servants  - The noun translated as "servant" means "slave." It is translated as "servant" to update the Bible to the sense of the seventeenth century. Today, we would say "employee."

returned,  - (CW) The word translated as "returned " primarily means "to start out," but Christ uses it to mean "come." It indicates movement, especially its beginning, without indicating a direction toward or away from anything, so it works either as "come" or "go," but it is more like our phrase "being underway."

and -- The Greek word translated as "and" is used as the conjunction "and," but it also is used to add emphasis ("also").

settled - (CW) "Settled " is a Greek verb that means "gather in a harvest," "raise or use in helping," and "take part in a thing." It is a homonym, in this form, for another word that means "bring together in a small area." The sense here is "take part together."

accounts   -- The Greek word means "calculation," or "reasoning," but it has many, many specific meanings from "deliberation" to "narrative."  It is the source of our word "logic" and is the root word for all the English words that end in "-ology." Most biblical translations translated it as "word" for somewhat poetic reasons. However, when applied to people, it means "repute" or "reputation." More about this word in this article. In English, we would say "idea" to describe it but it also means the communication of various types, so "message" often works better. Here, however, it seems to refer to an "accounting."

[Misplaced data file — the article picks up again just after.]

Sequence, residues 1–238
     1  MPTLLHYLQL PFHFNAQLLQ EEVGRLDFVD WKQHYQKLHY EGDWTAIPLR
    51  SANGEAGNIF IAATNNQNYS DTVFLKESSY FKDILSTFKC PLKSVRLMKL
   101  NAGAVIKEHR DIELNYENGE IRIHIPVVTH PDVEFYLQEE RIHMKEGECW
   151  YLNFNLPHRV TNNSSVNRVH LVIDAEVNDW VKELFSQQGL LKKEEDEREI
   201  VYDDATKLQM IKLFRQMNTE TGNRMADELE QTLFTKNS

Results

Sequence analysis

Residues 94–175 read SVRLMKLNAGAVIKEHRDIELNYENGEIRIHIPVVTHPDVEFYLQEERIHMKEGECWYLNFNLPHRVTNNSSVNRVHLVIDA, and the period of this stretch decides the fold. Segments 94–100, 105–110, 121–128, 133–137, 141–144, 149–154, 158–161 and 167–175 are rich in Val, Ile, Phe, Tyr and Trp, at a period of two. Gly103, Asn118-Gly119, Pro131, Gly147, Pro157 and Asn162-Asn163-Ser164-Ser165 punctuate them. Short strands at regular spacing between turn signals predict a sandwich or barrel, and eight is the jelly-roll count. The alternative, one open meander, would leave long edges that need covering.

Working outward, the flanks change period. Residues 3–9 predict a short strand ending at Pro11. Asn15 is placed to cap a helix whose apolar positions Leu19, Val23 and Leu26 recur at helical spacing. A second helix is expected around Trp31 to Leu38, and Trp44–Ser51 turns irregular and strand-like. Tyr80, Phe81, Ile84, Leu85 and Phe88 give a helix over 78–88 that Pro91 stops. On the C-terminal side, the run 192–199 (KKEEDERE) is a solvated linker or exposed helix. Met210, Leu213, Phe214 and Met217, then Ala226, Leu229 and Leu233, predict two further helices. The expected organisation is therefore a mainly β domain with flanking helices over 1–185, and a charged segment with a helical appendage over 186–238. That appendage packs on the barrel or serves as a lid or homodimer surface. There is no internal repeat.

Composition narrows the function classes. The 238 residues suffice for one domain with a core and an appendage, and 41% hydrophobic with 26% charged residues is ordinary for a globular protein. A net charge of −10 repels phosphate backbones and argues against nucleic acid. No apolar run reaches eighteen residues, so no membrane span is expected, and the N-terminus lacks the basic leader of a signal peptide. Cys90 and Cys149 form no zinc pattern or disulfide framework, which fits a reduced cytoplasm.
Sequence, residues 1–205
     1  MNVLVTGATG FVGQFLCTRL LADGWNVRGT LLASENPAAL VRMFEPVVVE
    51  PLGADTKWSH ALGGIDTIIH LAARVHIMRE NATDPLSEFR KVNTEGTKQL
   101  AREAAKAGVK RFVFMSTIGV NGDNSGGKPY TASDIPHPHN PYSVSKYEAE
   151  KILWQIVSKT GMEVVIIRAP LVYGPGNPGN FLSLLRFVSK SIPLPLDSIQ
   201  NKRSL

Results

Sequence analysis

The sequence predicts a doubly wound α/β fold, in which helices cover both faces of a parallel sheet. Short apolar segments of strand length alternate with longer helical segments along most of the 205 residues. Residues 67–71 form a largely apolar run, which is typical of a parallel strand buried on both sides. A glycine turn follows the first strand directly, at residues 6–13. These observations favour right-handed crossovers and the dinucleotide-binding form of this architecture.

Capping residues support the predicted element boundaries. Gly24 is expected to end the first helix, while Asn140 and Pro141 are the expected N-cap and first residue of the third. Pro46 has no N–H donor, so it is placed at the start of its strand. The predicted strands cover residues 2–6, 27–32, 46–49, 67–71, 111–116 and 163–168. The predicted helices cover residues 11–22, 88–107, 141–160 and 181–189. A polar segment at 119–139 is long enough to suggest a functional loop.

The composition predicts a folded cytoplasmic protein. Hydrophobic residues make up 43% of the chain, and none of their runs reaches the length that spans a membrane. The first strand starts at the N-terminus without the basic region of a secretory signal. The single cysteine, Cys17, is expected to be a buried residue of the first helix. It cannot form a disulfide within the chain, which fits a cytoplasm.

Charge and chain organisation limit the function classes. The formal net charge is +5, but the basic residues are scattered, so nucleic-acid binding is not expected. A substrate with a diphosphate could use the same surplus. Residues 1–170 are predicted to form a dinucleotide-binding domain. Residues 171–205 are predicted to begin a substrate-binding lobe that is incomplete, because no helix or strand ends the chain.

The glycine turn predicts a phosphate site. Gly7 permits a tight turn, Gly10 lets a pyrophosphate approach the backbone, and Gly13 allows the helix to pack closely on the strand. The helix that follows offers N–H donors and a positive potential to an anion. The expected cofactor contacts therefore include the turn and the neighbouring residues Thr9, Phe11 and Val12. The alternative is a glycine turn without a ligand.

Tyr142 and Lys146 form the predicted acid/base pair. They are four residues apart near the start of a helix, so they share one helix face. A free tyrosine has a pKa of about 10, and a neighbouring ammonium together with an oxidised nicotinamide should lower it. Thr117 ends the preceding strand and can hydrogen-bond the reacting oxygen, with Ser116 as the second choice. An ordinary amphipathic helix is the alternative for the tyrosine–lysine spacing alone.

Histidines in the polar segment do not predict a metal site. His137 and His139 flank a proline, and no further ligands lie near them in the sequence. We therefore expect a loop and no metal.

with -- "With" is the Greek word that usually means "with" or a related concept such as "among" or "by the means of." It also refers to "after" or "behind" when referring to a place, time, or pursuit.

them.   -- The word translated as "them" is the Greek word commonly translated as third-person pronouns in English.

NIV Translation Issues: 

3
  • MW - Missing Word -- The word "however" is not shown in the English translation.
  • MW - Missing Word -- The word "the" before "servants" is not shown in the English translation.
  • CW - Confusing Word -- The "settle" does not capture the specific meaning of the word.

Front Page Date: 

Nov 6 2021